Ayad Akhtar’s intense political thriller lays bare the raw, unfettered power of global finance in this fast-moving, contemporary play directed by the Tricycle’s Artistic Director Indhu Rubasingham.
Ayad Akhtar was born in New York City and raised in Milwaukee, Wisconsin. He is the author of American Dervish, published in 25 languages worldwide and a 2012 Best Book of the Year at Kirkus Reviews, Toronto’s Globe and Mail, Shelf-Awareness, and O (Oprah) Magazine. As a screenwriter, he was nominated for an Independent Spirit Award for Best Screenplay for The War Within. He has received commissions from Lincoln Center and the Oregon Shakespeare Festival. He is a graduate of Brown and Columbia Universities with degrees in Theater and Film Directing. The Invisible Hand premièred at the Repertory Theater of St Louis. Other theatre credits include Disgraced (American Theater Company in Chicago; Lincoln Center, New York and Bush Theatre – Pulitzer Prize for Drama) and The Who & The What (La Jolla Playhouse).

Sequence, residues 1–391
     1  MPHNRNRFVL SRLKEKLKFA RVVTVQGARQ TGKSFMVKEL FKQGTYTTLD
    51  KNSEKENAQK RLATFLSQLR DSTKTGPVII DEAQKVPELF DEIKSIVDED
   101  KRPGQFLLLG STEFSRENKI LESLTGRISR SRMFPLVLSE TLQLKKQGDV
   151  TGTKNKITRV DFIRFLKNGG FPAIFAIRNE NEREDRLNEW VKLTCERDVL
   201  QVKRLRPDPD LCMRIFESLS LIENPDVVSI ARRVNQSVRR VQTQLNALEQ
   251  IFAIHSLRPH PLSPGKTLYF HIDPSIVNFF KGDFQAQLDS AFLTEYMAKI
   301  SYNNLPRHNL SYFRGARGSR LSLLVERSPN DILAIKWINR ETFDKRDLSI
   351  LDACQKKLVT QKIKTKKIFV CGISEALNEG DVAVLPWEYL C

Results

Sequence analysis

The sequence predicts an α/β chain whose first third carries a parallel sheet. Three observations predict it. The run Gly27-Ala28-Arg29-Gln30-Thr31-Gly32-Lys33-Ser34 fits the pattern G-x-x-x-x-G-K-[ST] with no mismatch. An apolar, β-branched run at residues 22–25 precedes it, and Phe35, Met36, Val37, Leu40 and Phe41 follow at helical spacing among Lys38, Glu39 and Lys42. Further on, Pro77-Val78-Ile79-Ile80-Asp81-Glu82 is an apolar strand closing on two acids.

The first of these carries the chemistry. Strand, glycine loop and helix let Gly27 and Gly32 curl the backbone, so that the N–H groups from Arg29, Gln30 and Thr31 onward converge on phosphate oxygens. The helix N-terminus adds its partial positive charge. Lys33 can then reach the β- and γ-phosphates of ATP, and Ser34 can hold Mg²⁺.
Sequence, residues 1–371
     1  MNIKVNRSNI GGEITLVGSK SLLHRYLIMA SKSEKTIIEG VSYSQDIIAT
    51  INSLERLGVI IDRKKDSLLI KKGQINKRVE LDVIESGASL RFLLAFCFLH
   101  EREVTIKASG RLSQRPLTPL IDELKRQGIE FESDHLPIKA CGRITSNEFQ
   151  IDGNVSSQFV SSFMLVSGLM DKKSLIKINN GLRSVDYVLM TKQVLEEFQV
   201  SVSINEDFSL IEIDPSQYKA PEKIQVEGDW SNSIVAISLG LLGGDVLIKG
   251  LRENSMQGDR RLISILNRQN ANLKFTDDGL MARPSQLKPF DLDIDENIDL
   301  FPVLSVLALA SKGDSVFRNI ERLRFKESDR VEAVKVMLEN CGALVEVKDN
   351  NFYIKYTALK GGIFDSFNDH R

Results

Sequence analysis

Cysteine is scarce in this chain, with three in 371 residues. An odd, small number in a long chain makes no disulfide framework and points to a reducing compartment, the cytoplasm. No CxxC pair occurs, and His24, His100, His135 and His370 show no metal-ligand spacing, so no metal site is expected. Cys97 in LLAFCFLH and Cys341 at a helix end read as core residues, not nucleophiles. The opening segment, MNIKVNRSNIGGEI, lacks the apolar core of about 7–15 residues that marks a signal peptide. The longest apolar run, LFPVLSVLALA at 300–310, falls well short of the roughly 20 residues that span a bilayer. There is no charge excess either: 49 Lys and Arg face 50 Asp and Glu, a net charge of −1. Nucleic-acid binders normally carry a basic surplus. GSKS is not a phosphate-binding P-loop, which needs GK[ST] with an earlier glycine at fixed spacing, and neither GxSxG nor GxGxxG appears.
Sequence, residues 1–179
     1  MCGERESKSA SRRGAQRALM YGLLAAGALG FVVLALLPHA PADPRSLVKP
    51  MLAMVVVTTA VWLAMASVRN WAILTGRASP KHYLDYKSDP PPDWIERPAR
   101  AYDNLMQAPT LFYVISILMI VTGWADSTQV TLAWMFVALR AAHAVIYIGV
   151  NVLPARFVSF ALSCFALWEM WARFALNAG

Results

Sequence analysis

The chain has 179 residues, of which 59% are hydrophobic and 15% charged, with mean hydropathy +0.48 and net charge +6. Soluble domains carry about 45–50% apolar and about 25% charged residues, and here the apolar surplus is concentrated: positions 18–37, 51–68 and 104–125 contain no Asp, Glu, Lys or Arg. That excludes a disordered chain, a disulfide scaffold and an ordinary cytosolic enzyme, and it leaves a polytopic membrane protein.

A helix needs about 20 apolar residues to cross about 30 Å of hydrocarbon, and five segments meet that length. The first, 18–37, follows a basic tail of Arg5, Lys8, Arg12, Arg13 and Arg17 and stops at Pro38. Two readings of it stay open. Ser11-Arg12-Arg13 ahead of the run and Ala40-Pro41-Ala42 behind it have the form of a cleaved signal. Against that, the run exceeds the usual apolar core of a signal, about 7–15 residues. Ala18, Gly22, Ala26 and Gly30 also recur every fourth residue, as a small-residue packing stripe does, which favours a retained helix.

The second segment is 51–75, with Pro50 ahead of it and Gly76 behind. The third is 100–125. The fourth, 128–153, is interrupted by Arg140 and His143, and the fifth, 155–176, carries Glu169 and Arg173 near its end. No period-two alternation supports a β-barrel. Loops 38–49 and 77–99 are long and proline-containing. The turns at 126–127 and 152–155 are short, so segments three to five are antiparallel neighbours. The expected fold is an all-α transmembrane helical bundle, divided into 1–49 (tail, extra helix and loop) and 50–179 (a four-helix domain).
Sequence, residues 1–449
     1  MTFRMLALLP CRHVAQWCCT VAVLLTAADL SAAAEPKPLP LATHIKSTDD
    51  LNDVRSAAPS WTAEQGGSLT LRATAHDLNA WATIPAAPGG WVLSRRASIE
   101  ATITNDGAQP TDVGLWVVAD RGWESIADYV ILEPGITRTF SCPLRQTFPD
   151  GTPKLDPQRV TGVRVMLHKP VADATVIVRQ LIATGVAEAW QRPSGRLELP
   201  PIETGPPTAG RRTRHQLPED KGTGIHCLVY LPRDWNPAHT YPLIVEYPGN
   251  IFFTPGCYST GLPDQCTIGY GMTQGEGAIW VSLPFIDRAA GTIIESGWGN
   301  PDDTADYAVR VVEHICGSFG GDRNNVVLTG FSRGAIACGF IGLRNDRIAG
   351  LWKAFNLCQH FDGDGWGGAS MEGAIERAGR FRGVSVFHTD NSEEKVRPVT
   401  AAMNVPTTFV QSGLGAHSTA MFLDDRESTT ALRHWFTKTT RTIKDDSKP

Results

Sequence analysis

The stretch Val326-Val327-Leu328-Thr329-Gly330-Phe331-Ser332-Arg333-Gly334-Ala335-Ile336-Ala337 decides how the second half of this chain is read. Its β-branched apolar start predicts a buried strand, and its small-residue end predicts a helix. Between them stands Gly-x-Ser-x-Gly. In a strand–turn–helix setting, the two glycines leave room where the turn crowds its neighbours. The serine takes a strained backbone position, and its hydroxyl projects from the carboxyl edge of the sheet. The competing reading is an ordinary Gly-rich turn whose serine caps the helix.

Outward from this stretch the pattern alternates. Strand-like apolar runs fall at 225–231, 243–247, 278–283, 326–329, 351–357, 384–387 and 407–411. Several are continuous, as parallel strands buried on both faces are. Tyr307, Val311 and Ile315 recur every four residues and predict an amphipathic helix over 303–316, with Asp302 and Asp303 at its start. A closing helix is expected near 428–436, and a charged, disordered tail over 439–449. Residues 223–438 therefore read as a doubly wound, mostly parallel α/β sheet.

Tony Jayawardena plays Imam Saleem. His theatre credits include Bend It Like Beckham (Phoenix Theatre), The Roaring Girl, The Arden of Faversham, The White Devil, The Empress, Twelfth Night (RSC), Dick Whittington, Love and Stuff (Theatre Royal Stratford East), The Wind In The Willows (West Yorkshire Playhouse), Wah! Wah! Girls (Sadler’s Wells/ Kneehigh), Great Expectations (English Touring Theatre), The Lion, The Witch and the Wardrobe (Royal and Derngate, Northampton), London Assurance, All’s Well That Ends Well, England People Very Nice (National Theatre). For television his recent work includes The Windsors, Strike Back, The Life and Adventures of Nicholas Nickleby; and for film, his work includes Towerblock, Trance and A Cat Named Bob.